PN Review Print and Online Poetry Magazine
News and Notes
Digital Access to PN Review
Access the latest issues, plus back issues of PN Review with Exact Editions For PN Review subscribers: access the PN Review digital archive via the Exact Editions app Exactly or the Exact Editions website, you will first need to know your PN Review ID number. read more
Most Read... Rebecca WattsThe Cult of the Noble Amateur
(PN Review 239)
Eavan BolandA Lyric Voice at Bay
(PN Review 121)
Vahni CapildeoOn Judging Prizes, & Reading More than Six Really Good Books
(PN Review 237)
Drew MilneTom Raworth’s Writing ‘present past improved’: Tom Raworth’s Writing
(PN Review 236)
Jamie OsbornIn conversation with Sasha Dugdale
(PN Review 240)
Alejandro Fernandez-OsorioPomace (trans. James Womack)
(PN Review 236)
Poems Articles Interviews Reports Reviews Contributors
Oxford University Press
Gratis Ad 1
Next Issue Kei Miller on poetry and volume control Parwana Fayyaz's Afghan poems Gabriel Josipovici bids farewell to Aharon Appelfeld Craig Raine plants a flag A.R. Ammons from two angles

This review is taken from PN Review 235, Volume 43 Number 5, May - June 2017.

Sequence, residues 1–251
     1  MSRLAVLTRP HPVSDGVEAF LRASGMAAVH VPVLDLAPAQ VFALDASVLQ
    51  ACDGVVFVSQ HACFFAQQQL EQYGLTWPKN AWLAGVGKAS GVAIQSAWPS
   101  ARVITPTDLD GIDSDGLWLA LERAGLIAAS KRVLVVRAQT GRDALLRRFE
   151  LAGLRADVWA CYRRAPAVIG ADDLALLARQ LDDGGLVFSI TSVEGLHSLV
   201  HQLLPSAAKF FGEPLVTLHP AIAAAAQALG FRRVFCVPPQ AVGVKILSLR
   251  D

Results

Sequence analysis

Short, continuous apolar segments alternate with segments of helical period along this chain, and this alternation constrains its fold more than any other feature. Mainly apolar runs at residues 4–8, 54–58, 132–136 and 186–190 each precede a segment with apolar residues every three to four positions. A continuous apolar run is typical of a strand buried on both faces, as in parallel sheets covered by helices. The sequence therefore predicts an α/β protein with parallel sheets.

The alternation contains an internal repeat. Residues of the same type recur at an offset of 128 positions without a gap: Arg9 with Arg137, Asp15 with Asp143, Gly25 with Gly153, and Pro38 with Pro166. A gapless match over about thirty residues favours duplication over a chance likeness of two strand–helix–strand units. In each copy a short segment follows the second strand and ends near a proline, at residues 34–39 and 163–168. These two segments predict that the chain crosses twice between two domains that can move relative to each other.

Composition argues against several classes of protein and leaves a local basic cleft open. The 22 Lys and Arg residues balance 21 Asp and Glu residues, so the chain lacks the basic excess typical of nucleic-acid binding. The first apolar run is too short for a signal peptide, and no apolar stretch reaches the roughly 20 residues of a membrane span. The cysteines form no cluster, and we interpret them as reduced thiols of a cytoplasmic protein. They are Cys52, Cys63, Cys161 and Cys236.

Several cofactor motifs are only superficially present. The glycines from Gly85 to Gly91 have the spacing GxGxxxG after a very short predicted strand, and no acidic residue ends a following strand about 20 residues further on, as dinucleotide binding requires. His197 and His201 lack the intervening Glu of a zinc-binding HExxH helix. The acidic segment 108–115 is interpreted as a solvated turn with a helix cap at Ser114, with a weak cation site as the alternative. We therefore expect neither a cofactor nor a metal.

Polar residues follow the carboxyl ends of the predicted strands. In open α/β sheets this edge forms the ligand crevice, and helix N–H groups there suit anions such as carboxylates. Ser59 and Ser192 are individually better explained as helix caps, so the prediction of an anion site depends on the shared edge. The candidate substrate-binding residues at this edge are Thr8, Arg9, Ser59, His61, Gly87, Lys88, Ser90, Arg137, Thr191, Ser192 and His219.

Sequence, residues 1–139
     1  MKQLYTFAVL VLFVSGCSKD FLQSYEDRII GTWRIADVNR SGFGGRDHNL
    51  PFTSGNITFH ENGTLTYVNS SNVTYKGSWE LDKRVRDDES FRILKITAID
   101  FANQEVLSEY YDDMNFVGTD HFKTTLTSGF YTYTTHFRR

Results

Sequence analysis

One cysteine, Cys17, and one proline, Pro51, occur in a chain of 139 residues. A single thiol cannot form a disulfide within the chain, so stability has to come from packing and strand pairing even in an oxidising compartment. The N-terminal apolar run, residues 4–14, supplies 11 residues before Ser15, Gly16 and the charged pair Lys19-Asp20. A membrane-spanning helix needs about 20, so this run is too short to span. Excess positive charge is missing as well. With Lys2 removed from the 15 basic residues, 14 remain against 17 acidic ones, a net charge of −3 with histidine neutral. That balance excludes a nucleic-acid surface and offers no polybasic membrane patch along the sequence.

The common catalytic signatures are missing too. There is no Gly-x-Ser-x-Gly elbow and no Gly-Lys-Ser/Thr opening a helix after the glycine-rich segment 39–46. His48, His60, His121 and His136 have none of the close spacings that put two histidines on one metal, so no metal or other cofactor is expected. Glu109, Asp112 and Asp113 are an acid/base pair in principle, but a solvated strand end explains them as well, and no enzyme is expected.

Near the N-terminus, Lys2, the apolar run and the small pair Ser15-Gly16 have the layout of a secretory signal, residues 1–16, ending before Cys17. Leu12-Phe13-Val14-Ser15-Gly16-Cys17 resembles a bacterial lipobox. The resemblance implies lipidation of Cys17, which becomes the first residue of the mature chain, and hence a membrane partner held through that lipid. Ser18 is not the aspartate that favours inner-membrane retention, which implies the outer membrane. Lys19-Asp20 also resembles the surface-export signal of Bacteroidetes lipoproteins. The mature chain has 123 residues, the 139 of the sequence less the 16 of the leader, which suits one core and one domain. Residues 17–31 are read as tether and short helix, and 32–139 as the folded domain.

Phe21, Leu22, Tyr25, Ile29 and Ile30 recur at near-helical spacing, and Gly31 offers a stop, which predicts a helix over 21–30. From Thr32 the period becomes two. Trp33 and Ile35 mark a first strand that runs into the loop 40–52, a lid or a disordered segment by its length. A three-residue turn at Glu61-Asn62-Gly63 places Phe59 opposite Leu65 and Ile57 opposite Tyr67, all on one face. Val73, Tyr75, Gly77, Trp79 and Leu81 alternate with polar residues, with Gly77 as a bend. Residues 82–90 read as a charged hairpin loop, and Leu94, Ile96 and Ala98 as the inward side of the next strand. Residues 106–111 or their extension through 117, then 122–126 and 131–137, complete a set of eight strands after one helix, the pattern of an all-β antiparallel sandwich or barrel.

Cover of Poems, translated by Anthony Costello, Anthony Howell & Anita Marsh
Ian BrintonThe Found Domaine Alain-Fournier’s Poems, translated by Anthony Costello,
Anthony Howell & Anita Marsh
(Carcanet, 2016) £9.99

‘On the Path Which Loses Itself’ (‘Dans le Chemin Qui S’Enfonce…’) is the substantial final poem in this short collection and it presents the reader with a sense of loss as an inescapable function of passing time:


On the path which loses itself at the farm
To sunlight stained with shade, between two hedges
Where the hens go in and then come out again –


The regions of rural landscape which haunt the much-neglected poetry of Alain-Fournier possess a sense of being fashioned out of memory and desire. The recollection of the young poet’s brief meeting with Yvonne de Quiévrecourt threads its way down the years until the desire for renewal lead in 1913 to the publication of the autobiographical Le Grand Meaulnes. The power of enchantment seems intricately woven to a sense of distance and the half glimpses the poet sees of a world gone by remind one of that fragile reality Edward Thomas sought along a path he had to discover ‘By half-gaps that were stiles once in the hedge’.  

In his introduction to this welcome volume of translations taken from the short 1924 French collection Miracles, Anthony Costello refers to a fluidity of movement: reflection and reminiscence, a past brought to the present. ‘The Griefs of Summer’ (‘Tristesses d’Été’) evokes the childhood world of a brother and sister listening to their mother playing a piano. Recalling the times when the children would sit on the stone steps outside the house in Epineuil, Fournier glimpses a ‘Sunlit ...


Searching, please wait... animated waiting image